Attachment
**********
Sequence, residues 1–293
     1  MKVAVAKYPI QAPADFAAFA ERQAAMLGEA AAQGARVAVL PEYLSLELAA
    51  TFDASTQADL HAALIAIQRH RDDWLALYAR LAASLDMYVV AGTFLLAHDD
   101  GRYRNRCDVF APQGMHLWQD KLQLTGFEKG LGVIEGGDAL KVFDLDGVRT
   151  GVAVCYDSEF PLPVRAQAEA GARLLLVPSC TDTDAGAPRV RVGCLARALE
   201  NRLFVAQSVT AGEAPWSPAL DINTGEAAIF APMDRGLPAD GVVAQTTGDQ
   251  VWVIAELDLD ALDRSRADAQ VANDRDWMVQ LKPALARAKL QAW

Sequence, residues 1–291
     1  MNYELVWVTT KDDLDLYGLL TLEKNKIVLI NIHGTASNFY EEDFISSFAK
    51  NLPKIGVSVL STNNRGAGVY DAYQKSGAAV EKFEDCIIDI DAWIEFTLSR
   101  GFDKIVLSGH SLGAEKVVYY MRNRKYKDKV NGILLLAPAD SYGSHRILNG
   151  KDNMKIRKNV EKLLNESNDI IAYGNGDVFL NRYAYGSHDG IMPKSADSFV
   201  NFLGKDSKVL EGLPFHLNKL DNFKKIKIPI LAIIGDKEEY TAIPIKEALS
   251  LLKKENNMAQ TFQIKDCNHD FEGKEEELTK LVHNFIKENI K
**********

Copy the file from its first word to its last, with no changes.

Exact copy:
Sequence, residues 1–293
     1  MKVAVAKYPI QAPADFAAFA ERQAAMLGEA AAQGARVAVL PEYLSLELAA
    51  TFDASTQADL HAALIAIQRH RDDWLALYAR LAASLDMYVV AGTFLLAHDD
   101  GRYRNRCDVF APQGMHLWQD KLQLTGFEKG LGVIEGGDAL KVFDLDGVRT
   151  GVAVCYDSEF PLPVRAQAEA GARLLLVPSC TDTDAGAPRV RVGCLARALE
   201  NRLFVAQSVT AGEAPWSPAL DINTGEAAIF APMDRGLPAD GVVAQTTGDQ
   251  VWVIAELDLD ALDRSRADAQ VANDRDWMVQ LKPALARAKL QAW

Sequence, residues 1–291
     1  MNYELVWVTT KDDLDLYGLL TLEKNKIVLI NIHGTASNFY EEDFISSFAK
    51  NLPKIGVSVL STNNRGAGVY DAYQKSGAAV EKFEDCIIDI DAWIEFTLSR
   101  GFDKIVLSGH SLGAEKVVYY MRNRKYKDKV NGILLLAPAD SYGSHRILNG
   151  KDNMKIRKNV EKLLNESNDI IAYGNGDVFL NRYAYGSHDG IMPKSADSFV
   201  NFLGKDSKVL EGLPFHLNKL DNFKKIKIPI LAIIGDKEEY TAIPIKEALS
   251  LLKKENNMAQ TFQIKDCNHD FEGKEEELTK LVHNFIKENI K